Responding in kind to aggression will only make things worse, top rally driver warns.
Sheikh Khalid al Qassimi reacts to road bullies video
ABU DHABI // The country's top rally driver has appealed to motorists to keep a cool head when confronted by aggressive driving. Sheikh Khalid Al Qassimi, who is ranked 12th in the FIR World Rally Championship and is also the public face of the Health Authority-Abu Dhabi's Drive Safe, Save Lives campaign, said drivers who reacted to bad driving risked causing accidents.
"If the guy's going really crazy and wants to pass the speed limit, if the roads are open and there are no cars in your path, it would be best to pull out of the way and just let him go," Sheikh Khalid said. "When responding to an aggressive driver who tries to threaten you and comes very close to you, the most important thing is not to respond but to let him go. "You want to avoid the same behaviour because you may yourself cause an accident."
Sheikh Khalid made the comments after examining a video showing bad driving recorded by The National. In it, an alarmingly high number of traffic laws are shown being broken during a three-hour commute, starting from the capital and on to the main motorway to Dubai, including rampant speeding and overtaking on both the left and right hard shoulders. The footage also supports the findings of a World Health Organisation report, released last month, that found UAE roads to be some of the world's deadliest.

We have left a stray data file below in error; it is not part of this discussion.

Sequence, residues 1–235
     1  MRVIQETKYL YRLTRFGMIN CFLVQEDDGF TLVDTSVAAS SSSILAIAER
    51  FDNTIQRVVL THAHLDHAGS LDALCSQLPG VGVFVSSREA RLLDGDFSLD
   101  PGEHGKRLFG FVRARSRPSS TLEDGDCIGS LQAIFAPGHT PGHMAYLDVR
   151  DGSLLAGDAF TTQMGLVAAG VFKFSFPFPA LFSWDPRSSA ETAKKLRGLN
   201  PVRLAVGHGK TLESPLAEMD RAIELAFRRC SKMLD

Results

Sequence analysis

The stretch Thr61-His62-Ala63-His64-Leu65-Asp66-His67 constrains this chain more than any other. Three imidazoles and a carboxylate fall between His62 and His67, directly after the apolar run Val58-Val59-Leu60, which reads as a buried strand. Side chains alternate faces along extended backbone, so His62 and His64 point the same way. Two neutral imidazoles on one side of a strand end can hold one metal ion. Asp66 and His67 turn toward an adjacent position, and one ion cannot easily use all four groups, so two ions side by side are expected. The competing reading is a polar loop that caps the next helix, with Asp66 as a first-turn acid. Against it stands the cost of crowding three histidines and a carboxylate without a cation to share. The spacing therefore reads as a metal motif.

It shows scores of motorists blatantly disregarding the safety of others. In trying to overtake slower-moving traffic, for example, many flashed blindingly bright high beams and tailgated vehicles at uncomfortably close ranges. At one point, a white Toyota Land Cruiser is filmed trying to intimidate the camera crew's four-by-four, following it with flashing high beams and, after five minutes of bullying the vehicle, attempting to run it off the road.
Much as the victim of such road rage would want to respond, Sheikh Khalid said it was best to let aggressors pass by for the authorities - or worse, a traffic accident - to deal with their behaviour. "You might want to react, but if you hit your brakes hard, that may well cause an accident, too," he said. "Whenever you follow the law, you're in the right; and you'll not only save yourself from an accident, you'll save others from such an outcome."
Part of this required ensuring your own safety and that of fellow passengers, first and foremost by always remembering to buckle up. "The most important thing is for everyone to wear their safety belts," he said. "This is a fairly new concept in this country, when compared to Europe. It may be annoying when you first wear one, but I promise you'll get used to it." Sheikh Khalid also had advice for would-be traffic offenders, particularly people who use the hard shoulder for overtaking. "Whenever you overtake a car in the emergency lane, that's really dangerous because there might be a car parked there. There might be an accident, someone who had a flat tyre. That's why they call it an emergency lane."